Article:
13
Aug

Using Python's namedtuple for mock objects in tests

I have become quite a fan of Python's built-in namedtuple collection lately. As others have already written, despite having been available in Python 2.x and 3.x for a long time now, namedtuple continues to be under-appreciated and under-utilised by many programmers.

# The ol'fashioned tuple way
fruits = [
    ('banana', 'medium', 'yellow'),
    ('watermelon', 'large', 'pink')]

for fruit in fruits:
    print('A {0} is coloured {1} and is {2} sized'.format(
        fruit[0], fruit[2], fruit[1]))

# The nicer namedtuple way
from collections import namedtuple

Fruit = namedtuple('Fruit', 'name size colour')

fruits = [
    Fruit(name='banana', size='medium', colour='yellow'),
    Fruit(name='watermelon', size='large', colour='pink')]

for fruit in fruits:
    print('A {0} is coloured {1} and is {2} sized'.format(
        fruit.name, fruit.colour, fruit.size))

namedtuples can be used in a few obvious situations in Python. I'd like to present a new and less obvious situation, that I haven't seen any examples of elsewhere: using a namedtuple instead of MagicMock or flexmock, for creating fake objects in unit tests.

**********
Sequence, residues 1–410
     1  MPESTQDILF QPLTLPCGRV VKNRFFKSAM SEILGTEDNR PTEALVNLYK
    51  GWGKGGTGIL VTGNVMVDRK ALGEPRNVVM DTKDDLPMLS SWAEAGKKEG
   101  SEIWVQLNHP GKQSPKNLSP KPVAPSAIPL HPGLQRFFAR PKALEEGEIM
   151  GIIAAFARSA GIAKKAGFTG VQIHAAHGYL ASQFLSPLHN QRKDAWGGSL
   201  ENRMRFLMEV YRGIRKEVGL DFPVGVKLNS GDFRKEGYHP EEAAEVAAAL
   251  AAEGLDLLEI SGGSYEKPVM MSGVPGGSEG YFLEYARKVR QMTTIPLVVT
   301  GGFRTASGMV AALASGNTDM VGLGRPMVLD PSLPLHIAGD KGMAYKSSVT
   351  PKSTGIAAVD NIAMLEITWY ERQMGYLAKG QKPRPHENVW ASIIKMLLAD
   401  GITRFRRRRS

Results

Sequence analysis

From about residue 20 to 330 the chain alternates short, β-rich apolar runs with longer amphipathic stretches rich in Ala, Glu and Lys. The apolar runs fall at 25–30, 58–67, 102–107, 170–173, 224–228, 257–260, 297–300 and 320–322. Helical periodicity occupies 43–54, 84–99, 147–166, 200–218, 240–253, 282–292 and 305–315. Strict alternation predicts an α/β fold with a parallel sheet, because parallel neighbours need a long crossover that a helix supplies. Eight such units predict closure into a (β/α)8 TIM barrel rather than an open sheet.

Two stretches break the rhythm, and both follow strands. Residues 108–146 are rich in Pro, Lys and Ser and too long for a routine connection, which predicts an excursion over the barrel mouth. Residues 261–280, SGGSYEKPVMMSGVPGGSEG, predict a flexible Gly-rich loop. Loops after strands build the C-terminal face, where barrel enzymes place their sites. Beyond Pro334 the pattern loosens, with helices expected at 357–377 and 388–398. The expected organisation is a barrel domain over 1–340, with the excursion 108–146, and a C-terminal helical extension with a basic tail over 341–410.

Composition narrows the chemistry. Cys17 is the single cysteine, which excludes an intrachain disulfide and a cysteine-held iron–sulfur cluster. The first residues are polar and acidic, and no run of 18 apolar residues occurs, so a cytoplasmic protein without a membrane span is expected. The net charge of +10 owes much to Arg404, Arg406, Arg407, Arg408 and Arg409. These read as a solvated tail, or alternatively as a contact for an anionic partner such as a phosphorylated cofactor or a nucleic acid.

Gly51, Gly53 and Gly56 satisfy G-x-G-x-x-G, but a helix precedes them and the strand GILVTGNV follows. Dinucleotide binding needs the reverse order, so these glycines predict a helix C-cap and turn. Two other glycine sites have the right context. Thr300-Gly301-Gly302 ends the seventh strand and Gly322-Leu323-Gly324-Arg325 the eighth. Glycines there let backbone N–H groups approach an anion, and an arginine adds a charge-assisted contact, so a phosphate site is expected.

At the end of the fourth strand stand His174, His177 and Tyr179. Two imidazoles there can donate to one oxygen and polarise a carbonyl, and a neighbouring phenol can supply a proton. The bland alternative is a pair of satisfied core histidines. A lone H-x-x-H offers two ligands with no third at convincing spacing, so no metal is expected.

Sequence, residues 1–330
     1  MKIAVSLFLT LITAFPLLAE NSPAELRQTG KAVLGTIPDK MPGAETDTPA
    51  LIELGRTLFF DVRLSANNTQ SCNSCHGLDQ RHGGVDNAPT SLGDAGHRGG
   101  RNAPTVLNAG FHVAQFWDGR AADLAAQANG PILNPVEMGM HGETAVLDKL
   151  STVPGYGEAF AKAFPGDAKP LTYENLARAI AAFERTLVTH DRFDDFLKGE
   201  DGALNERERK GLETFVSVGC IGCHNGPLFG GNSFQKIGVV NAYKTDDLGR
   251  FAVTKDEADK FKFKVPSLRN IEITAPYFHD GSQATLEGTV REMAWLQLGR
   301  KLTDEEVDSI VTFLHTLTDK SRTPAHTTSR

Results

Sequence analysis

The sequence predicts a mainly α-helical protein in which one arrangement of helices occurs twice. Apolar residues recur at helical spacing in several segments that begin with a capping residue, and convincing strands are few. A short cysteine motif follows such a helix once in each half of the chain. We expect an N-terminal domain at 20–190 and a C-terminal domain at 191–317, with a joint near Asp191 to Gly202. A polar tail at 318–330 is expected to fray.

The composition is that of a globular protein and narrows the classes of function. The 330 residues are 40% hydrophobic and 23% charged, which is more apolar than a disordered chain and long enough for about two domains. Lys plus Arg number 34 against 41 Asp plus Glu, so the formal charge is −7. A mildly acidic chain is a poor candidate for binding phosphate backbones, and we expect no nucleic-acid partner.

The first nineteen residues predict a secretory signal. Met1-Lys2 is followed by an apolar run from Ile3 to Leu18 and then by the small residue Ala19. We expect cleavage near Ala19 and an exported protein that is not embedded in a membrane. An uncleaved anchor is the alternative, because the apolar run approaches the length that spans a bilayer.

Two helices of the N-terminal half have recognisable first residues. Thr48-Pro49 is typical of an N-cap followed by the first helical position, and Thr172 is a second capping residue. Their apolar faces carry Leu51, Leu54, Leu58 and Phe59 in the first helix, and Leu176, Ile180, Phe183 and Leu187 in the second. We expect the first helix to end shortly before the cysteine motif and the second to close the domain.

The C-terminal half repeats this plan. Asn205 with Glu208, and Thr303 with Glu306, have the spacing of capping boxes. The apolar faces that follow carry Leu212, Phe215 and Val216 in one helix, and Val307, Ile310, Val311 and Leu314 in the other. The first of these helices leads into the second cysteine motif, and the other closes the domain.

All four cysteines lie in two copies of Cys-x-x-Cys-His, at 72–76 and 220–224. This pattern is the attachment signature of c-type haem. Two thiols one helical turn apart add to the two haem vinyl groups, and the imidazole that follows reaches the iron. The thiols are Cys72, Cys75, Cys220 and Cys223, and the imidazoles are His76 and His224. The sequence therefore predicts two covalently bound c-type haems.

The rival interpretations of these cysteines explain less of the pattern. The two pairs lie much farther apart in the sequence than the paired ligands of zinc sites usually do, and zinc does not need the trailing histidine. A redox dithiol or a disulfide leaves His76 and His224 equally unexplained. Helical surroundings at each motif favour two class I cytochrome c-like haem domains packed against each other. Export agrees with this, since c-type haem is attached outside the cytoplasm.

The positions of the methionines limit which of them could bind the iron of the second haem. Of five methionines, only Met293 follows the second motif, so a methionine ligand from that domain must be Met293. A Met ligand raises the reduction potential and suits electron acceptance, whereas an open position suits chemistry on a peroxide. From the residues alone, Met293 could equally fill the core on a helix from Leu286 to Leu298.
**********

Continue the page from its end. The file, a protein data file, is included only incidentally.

namedtuple vs the competition

namedtuples have a number of advantages over regular tuples and dicts in Python. First and foremost, a namedtuple is (by defintion) more semantic than a tuple, because you can define and access elements by name rather than by index. A namedtuple is also more semantic than a dict, because its structure is strictly defined, so you can be guaranteed of exactly which elements are to be found in a given namedtuple instance. And, similarly, a namedtuple is often more useful than a custom class, because it gives more of a guarantee about its structure than a regular Python class does.